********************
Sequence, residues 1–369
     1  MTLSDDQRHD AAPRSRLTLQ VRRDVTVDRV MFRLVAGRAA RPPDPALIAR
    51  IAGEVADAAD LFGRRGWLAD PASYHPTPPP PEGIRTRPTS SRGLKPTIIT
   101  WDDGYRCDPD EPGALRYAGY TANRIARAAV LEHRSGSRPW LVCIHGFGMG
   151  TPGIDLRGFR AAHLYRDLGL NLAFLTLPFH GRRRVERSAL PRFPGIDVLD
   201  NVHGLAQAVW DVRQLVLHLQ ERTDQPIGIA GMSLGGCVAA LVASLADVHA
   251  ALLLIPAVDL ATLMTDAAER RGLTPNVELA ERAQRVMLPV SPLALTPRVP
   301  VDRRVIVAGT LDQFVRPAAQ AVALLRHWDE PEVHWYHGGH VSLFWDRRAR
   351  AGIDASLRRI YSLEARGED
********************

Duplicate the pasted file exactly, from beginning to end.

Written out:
Sequence, residues 1–369
     1  MTLSDDQRHD AAPRSRLTLQ VRRDVTVDRV MFRLVAGRAA RPPDPALIAR
    51  IAGEVADAAD LFGRRGWLAD PASYHPTPPP PEGIRTRPTS SRGLKPTIIT
   101  WDDGYRCDPD EPGALRYAGY TANRIARAAV LEHRSGSRPW LVCIHGFGMG
   151  TPGIDLRGFR AAHLYRDLGL NLAFLTLPFH GRRRVERSAL PRFPGIDVLD
   201  NVHGLAQAVW DVRQLVLHLQ ERTDQPIGIA GMSLGGCVAA LVASLADVHA
   251  ALLLIPAVDL ATLMTDAAER RGLTPNVELA ERAQRVMLPV SPLALTPRVP
   301  VDRRVIVAGT LDQFVRPAAQ AVALLRHWDE PEVHWYHGGH VSLFWDRRAR
   351  AGIDASLRRI YSLEARGED